Obama Dragging His Feet On Stimulus (And Everything Else)?

Barack Obama has held a number of press conferences, but he’s taking hits for not stepping up sooner on policy issues. On Gaza, for example, he’s taking criticism for not lending his voice, though we think it makes sense for him to stay quiet if he his views differ from Bush’s. And apparently Congress feels he hasn’t moved fast enough to convey his ideas for a stimulus. 

WSJ: Democratic leaders are increasingly concerned that they won’t be able to offer an economic stimulus package for congressional debate until late January because they haven’t received a plan from President-elect Barack Obama’s transition team.

Democrats initially had hoped to unveil details of the economic recovery package this week and to pass it by Inauguration Day, Jan. 20, so it would be ready for Mr. Obama’s signature soon after his swearing-in. Estimates are that the plan will call for spending as much as $850 billion over two years.

“The weak economy demands quick action, and that is our intention,” House Majority Leader Steny Hoyer (D., Md.) said in an interview Tuesday. “But significant work remains to be done. We need to do this right and make wise investments, plus members and the public need time to review it. So the timing very well may slip.”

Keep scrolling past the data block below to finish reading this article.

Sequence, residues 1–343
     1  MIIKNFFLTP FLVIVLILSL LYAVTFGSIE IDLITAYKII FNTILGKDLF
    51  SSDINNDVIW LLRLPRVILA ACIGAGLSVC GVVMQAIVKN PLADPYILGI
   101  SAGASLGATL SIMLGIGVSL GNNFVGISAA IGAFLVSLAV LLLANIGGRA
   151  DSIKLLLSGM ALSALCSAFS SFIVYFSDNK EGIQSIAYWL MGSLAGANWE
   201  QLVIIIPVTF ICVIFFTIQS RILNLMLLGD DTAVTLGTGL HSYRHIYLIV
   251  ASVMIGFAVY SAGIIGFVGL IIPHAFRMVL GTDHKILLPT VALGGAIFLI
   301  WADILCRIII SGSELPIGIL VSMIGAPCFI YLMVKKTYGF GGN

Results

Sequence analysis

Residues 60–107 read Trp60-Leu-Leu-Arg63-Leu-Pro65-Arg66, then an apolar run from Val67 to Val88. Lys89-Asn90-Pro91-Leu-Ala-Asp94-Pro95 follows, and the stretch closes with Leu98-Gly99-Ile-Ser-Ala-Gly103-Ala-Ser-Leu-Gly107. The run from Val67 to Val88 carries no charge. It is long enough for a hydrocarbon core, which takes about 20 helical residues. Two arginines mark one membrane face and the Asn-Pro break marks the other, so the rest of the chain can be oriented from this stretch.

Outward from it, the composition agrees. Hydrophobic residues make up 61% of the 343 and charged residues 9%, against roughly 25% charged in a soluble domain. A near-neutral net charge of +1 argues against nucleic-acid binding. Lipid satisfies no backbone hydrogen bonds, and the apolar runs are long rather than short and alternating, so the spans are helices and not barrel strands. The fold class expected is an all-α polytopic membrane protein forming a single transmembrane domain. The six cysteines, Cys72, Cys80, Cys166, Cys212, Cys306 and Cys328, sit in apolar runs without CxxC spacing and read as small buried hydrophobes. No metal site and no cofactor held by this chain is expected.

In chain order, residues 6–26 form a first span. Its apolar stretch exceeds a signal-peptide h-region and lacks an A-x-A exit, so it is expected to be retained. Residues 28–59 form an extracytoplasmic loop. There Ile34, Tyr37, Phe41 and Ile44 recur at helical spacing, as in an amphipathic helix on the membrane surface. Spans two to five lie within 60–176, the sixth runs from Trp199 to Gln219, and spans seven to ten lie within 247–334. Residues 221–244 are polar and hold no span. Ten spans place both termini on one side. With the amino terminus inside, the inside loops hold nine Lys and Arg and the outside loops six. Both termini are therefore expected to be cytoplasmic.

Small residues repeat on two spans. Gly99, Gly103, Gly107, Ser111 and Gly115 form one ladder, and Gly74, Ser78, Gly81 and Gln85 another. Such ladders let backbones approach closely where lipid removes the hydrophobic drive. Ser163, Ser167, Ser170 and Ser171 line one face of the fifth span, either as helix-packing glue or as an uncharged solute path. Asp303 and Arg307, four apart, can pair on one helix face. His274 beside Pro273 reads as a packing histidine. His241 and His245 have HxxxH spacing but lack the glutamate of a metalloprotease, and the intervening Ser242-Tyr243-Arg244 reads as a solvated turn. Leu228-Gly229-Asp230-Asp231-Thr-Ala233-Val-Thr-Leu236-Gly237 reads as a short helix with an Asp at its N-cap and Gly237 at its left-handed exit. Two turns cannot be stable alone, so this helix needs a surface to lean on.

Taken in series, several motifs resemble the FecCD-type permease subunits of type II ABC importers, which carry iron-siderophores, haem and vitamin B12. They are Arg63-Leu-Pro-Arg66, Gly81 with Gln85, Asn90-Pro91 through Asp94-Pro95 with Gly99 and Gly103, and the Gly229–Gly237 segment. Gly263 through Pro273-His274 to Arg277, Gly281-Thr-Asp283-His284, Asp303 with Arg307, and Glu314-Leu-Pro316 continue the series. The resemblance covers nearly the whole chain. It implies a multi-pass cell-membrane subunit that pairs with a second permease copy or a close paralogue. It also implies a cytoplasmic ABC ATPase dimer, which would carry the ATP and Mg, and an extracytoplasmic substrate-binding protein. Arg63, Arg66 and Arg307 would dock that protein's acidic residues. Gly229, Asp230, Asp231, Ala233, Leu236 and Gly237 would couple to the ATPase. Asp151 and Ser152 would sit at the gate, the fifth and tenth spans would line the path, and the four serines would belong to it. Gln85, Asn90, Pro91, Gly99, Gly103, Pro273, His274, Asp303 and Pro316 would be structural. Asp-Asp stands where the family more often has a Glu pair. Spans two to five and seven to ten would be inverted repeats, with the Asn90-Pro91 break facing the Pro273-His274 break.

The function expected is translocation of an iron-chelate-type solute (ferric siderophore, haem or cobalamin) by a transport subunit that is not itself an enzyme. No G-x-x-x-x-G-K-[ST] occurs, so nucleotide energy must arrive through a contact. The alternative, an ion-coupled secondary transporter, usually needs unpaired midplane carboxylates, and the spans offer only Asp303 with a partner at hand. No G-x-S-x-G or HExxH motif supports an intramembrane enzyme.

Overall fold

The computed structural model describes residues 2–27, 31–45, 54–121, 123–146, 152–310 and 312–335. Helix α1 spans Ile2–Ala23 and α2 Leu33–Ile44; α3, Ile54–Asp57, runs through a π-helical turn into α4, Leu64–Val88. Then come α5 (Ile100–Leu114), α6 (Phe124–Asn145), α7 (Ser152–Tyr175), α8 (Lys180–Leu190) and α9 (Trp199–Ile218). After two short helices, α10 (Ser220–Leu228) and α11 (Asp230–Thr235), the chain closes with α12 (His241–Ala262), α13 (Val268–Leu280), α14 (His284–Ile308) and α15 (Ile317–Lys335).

Considering that this is his last vacation time for the next four or maybe eight years, we wouldn’t want to be rushing out a detailed stimulus scheme, either. Sure, these aren’t normal times, but if the difference is having something to debate starting on Jan. 20th or the last few days in January then it’s not that big of a deal. If the bill is so important, it should be important enough not to do a rush job.

In the meantime, it’s pretty remarkable how significantly construction has collapsed (due in large part to housing, no doubt), and how thirst this industry is for federal dollars. Mark Kuhar of PIt & Quarry offers some stats on the production of aggregates (crushed stone) for the third quarter:

The largest decreases in percentages were recorded in the South Atlantic (27 per cent) and the Mountain (21 per cent) divisions. Production-for-consumption of aggregates decreased in 39 of the 48 States that were estimated. The five leading States, in descending order of production-for-consumption, were Texas, California, Pennsylvania, Illinois, and Ohio. Their combined total production-for-consumption was 191 Mt and represented 28 per cent of the U.S. total.

By my estimation, 2008 production of crushed stone is on pace to finish the year at at just over the 1 billion ton-per-year mark. Construction sand and gravel should finish the year at about the 900 million ton-per-year mark. If so, it would mean total construction aggregates in 2008 would be approximately 2-billion tons per year, a level so low it has not been seen since the 1992-1994 time frame.

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